GOP leaders privately worried about turnout, impact of Romney’s stumbles
By Mike McGann, Editor, The Times
While the national races get the big attention, political insiders in the state tend to keep close tabs on races here in Chester County these days. As the population and demographics in the county have shifted in the last decade, the once-solidly Republican county is much more of a bell weather. As we’ve seen in recent years, a seat shift here could change the majority party in the state House of Representatives.
Already, we’re hearing some concerns in GOP corners, with worries that the top of the ticket — presidential candidate Mitt Romney, who appears to be stumbling and U.S. Senate candidate Tom Smith, who so far has been unable to gain traction in his race against Sen. Bob Casey Jr. — could hurt GOP turn out and impact a number of the down-ballot races, especially those for state legislature, a number of which could be in play again as they were in 2008, when Democrats won three seats in Chester County.
While state GOP leaders tried to stop the bleeding by announcing an internal poll Thursday showing the presidential race as close, with Obama leading Romney 47-46, other data suggests a solid Obama lead in the state. In fact, Karl Rove, one of the GOP’s top strategy minds changed his rating of the state race from “Lean Obama” to “Safe Obama” and said the margin is really about 10 points.
Privately, GOP leaders are very worried about their turnout dropping off a cliff if it looks increasingly likely that Romney stands little chance of winning — a situation that could have profound impact as it ripples down ballot.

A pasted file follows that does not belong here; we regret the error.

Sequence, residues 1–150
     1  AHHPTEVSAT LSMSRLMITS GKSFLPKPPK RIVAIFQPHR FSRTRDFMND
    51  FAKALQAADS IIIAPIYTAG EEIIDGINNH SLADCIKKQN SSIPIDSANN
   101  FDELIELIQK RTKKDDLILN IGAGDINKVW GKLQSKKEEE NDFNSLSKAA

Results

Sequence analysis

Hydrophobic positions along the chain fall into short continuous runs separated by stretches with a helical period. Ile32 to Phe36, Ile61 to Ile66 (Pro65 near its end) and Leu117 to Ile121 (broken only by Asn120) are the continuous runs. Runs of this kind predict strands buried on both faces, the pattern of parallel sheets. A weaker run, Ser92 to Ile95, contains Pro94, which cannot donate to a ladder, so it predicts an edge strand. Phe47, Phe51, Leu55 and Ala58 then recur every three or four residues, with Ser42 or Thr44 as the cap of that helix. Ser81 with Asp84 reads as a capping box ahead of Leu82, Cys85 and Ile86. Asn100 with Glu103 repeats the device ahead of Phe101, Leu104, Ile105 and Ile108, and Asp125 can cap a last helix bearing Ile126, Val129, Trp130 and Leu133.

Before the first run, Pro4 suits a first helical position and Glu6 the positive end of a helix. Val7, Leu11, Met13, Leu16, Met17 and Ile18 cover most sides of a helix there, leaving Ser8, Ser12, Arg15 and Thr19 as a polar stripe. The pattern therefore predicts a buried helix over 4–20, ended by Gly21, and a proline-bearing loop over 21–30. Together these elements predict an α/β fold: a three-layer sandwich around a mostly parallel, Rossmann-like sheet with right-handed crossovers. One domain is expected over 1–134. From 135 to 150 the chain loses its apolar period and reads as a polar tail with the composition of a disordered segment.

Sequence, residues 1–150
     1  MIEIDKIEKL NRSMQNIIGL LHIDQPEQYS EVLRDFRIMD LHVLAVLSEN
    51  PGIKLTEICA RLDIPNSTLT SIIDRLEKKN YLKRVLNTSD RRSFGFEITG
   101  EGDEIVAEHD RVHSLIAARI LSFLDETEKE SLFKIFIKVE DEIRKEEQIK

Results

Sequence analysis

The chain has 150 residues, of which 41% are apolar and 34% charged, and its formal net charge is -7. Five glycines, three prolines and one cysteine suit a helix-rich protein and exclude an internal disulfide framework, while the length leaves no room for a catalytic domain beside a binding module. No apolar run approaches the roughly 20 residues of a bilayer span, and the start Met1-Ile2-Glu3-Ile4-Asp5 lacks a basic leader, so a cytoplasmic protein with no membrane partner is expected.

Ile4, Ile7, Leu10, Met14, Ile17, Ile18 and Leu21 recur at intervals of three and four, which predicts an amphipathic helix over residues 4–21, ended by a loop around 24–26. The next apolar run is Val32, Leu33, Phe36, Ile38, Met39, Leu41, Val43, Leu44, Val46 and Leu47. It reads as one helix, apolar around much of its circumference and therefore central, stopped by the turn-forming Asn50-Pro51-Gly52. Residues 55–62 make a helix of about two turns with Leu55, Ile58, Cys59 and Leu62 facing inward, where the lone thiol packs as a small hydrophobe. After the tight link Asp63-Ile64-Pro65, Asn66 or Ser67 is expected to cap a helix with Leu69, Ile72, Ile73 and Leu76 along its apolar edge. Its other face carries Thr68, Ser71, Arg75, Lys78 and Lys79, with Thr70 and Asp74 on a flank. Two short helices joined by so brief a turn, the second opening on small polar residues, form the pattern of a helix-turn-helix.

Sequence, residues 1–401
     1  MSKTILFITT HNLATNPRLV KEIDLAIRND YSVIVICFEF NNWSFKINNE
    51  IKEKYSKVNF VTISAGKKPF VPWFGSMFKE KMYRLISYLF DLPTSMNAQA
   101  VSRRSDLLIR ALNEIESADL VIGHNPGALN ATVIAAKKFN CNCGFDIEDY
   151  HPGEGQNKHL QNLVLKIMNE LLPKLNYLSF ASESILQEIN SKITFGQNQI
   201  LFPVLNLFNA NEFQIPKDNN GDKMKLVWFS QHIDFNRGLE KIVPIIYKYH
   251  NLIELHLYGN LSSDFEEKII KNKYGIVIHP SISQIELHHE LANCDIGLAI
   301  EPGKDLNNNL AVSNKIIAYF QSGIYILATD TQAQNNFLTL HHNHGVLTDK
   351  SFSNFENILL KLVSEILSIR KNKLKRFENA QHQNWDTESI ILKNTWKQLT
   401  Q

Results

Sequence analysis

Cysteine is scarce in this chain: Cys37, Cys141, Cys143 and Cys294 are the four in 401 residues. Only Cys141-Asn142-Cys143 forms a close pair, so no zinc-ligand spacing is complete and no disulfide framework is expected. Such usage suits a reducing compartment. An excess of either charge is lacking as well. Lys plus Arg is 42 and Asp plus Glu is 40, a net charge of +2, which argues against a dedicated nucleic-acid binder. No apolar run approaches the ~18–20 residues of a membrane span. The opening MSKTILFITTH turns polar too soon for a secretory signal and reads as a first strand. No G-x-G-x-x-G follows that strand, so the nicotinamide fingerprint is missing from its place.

We’ll touch on the three congressional races next week, two of which look to be closer than originally expected.
Here’s a bit of a capsule look at the state legislative races in the county and what I’m hearing:
State Senate: not much to talk about here. Expect Democratic Sen. Andy Dinniman (D-19) and Republican Sen. Dominic Pileggi (R-9) to both cruise to easy wins.
In the 19th, while Republican Chris Amentas, an East Fallowfield township supervisor, is probably someone to watch down the road, in this race, he’s outgunned financially and facing an experienced elected official who enjoys no small amount of bipartisan support.
Similarly, in the 9th, Pileggi gets a lot of Democratic votes, and as Majority Leader of the State Senate, he enjoys a massive financial edge on Patricia Worrell, a realtor and small business owner from Chester city.
Nothing short of a tidal wave one way or the other seems likely to push out Dinniman or Pileggi.
Safe GOP: 160, 167, 168. In 160, Steve Barrar is running unopposed, while incumbent Duane Milne seems to have things well in hand against Democrat Rob Broderick, who probably will have a tough time cracking 40%. A similar, but slightly closer race is in 168, where Tom Killian should be able to hold off Beth Alois by about 15 points.
Probably safe GOP, but could be interesting if things get worse at the top of the ticket: Both Mike Hays in 26 and Susan Rzucidlo in 158 have been working hard to unseat their incumbent opponents: District 26 State Rep. Tim Hennsessy and District 158 State Rep. Chris Ross. While 158 is demographically difficult — the GOP still retains a large registration advantage, Ross has been hurt with moderates and independents of late by seemingly shifting to the right in recent years — and is taking heat for votes on environmental issues as well as his bill that would again legalize payday loans. Whether he enjoys more GOP enthusiasm from that move right remains to be seen.